I hope that didn't come off as nit-picky. I really do love and appreciate all comments...especially the good ones.

6:36 PM  
Anonymous Anonymous said...

I appreciate your comments. I'm a big Fincher fan as well. In addition to the directors you listed as masters of all aspect of the craft I would add Spike Lee who incoporates cool visuals & angles (esp. see Do the Right Thing) with excellent character development.

3:30 PM  
Blogger Cutshaw said...

DO THE RIGHT THING is one of the great films of the last 20 years. No argument there. But over time I think Spike Lee has really lost his way, and films like HE GOT GAME and SHE HATE ME show a director who is far from a master of the craft.
Having said that I have high hopes for INSIDE MAN which stars my favorite Brit (Clive Owen), my favorite African American (Denzel), my favorite Actress (Jodie) and my favorite character actor (Chiwetel Ejiofor). I hope Spike works with them to get his game back on track.

5:03 PM  
Anonymous Joao Pacheco said...

Hi, i found your blogger recently but i like it very much. Great work man!!!!!! Anyways, that´s not the reason why i´m writing you.
I´m a huge Fincher fan, and i absolutely love all his movies. Yeah, yeah most people say that Alien3 it´s his worst movie, and it is his worst movie, but i think that he didn´t have room for all his creativity because that time he was just starting his brilliant career in movie industry.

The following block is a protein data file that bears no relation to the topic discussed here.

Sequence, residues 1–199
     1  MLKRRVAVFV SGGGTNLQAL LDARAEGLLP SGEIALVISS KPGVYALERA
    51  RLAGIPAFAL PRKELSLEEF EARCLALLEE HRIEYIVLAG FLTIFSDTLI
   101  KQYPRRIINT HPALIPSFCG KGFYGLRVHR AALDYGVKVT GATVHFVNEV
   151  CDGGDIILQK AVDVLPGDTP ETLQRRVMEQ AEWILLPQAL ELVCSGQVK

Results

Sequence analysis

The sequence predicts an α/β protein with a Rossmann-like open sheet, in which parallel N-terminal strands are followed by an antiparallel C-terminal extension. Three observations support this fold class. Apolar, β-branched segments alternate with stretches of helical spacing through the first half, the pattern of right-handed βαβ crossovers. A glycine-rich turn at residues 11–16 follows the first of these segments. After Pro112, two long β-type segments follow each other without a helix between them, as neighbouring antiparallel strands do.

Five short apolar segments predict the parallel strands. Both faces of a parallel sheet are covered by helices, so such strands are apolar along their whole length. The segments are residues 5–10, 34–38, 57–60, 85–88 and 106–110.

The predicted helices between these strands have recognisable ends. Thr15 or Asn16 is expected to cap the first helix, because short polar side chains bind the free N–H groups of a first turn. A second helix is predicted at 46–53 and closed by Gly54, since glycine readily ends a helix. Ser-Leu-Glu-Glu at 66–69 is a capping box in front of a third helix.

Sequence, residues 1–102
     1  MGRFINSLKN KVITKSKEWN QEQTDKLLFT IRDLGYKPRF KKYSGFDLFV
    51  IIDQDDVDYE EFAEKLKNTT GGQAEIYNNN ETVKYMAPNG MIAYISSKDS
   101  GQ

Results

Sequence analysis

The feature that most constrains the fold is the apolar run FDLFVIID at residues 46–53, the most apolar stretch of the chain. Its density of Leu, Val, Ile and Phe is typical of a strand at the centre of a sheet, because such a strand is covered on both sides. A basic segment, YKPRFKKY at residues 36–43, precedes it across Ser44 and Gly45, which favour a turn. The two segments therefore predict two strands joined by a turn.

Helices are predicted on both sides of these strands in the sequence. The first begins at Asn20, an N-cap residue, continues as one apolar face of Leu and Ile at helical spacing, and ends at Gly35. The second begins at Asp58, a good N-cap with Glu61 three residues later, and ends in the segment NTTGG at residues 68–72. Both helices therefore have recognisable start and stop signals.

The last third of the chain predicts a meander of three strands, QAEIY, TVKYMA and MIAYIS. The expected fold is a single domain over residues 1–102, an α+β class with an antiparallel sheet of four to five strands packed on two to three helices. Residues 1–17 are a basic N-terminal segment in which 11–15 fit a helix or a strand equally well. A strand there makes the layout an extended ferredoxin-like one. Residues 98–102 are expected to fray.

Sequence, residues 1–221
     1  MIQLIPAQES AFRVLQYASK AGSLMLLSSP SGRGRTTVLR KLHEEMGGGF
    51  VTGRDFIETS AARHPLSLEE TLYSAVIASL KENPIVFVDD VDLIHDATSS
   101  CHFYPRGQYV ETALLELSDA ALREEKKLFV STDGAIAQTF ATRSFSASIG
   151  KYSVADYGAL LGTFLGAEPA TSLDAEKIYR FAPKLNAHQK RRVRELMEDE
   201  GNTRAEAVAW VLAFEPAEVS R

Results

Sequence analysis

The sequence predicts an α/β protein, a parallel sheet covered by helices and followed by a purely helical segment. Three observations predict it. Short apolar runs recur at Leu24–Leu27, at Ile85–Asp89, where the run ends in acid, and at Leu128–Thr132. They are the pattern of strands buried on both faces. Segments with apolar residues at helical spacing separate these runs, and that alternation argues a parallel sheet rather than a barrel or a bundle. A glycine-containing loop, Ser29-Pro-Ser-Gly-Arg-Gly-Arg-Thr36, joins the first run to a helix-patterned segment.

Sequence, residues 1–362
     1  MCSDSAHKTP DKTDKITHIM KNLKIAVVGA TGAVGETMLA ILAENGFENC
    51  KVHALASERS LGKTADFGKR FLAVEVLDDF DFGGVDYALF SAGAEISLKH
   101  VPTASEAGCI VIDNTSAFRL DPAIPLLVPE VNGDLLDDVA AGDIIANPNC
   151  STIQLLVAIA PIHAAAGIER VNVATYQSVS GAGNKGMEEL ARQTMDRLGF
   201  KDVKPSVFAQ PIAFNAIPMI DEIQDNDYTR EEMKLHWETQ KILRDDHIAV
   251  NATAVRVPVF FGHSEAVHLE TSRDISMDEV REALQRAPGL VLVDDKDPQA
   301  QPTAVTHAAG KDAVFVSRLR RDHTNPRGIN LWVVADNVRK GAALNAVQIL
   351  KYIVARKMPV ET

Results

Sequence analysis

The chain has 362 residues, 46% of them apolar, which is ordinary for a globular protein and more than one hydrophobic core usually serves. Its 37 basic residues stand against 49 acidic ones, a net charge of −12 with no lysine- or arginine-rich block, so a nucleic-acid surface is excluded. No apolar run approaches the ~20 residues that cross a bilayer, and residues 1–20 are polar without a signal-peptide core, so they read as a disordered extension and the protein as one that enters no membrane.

The main reason why i´m writing you is because i´m absolutely impacient "Zodiac" and you are a lucky bastard, just kidding, because you already read the script. I want to ask you how did you found a way to read it, and also, how can i read it too.

See ya.

2:53 AM  
Blogger Cutshaw said...

It was pure luck on my part. I happen to know somebody working on the film. They had the script at their house, and that's where I read it. (I was not allowed to leave the house with it, in case I was tempted to hit a copy store on the way home.)

7:46 AM  
Anonymous joao pacheco said...

Shut!!!! And i was hoping to read it, but well i´m glad you read it, that way you can tell us more about the characters and story of the movie, among other things. By the way, i think that another director with a huge sense of visual style is Darren Aronofsky, "Requiem for a Dream", is a great example and, another director coming straight out of music videos, is the "HUGE" Michel Gondry.

2:29 AM  
Blogger pinkpanther1586 said...

Hey mate, great site. Just saw your Zodiac script review and I posted a link to it on my blog. Check it out at And any other Zodiac or Fincher news please do tell!

3:38 PM  
Blogger Cutshaw said...

I was going to do my own Zodiac site, but i checked out the above link and he's already got me beat. I added the link to my sidebar.

1:34 AM  
Anonymous Anonymous said...

I am a Fincher fan, but more importantly, I am a huge Jake Gyllenhaal fan. Based on your comments I was glad to hear most of what you said. However, I was surprised that you gave very little detail about Jake Gyllenhaal and his character (the lead) Robert Graysmith. Just wondered if there was any info on Jake's performance now that filming is done?

Also, I saw this recent review of the script It had great things to say about the script and excellent thigs to say about Jake's character.

This is a quote about his role/performance: